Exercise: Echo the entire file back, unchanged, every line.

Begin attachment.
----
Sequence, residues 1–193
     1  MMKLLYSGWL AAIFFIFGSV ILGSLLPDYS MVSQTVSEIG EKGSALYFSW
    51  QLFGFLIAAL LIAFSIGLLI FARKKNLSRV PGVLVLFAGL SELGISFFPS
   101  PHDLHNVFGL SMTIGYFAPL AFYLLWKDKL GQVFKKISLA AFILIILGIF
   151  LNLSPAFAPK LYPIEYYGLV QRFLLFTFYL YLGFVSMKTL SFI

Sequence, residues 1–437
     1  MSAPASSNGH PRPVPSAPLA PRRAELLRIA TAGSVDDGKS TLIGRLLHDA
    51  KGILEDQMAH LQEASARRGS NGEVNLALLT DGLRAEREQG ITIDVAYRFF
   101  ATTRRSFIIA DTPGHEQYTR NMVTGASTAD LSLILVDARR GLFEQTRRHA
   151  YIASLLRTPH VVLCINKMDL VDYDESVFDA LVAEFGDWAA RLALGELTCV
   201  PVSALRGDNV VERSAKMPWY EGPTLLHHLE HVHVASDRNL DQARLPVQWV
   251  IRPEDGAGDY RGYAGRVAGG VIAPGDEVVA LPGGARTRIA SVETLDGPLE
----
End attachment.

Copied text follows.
Sequence, residues 1–193
     1  MMKLLYSGWL AAIFFIFGSV ILGSLLPDYS MVSQTVSEIG EKGSALYFSW
    51  QLFGFLIAAL LIAFSIGLLI FARKKNLSRV PGVLVLFAGL SELGISFFPS
   101  PHDLHNVFGL SMTIGYFAPL AFYLLWKDKL GQVFKKISLA AFILIILGIF
   151  LNLSPAFAPK LYPIEYYGLV QRFLLFTFYL YLGFVSMKTL SFI

Sequence, residues 1–437
     1  MSAPASSNGH PRPVPSAPLA PRRAELLRIA TAGSVDDGKS TLIGRLLHDA
    51  KGILEDQMAH LQEASARRGS NGEVNLALLT DGLRAEREQG ITIDVAYRFF
   101  ATTRRSFIIA DTPGHEQYTR NMVTGASTAD LSLILVDARR GLFEQTRRHA
   151  YIASLLRTPH VVLCINKMDL VDYDESVFDA LVAEFGDWAA RLALGELTCV
   201  PVSALRGDNV VERSAKMPWY EGPTLLHHLE HVHVASDRNL DQARLPVQWV
   251  IRPEDGAGDY RGYAGRVAGG VIAPGDEVVA LPGGARTRIA SVETLDGPLE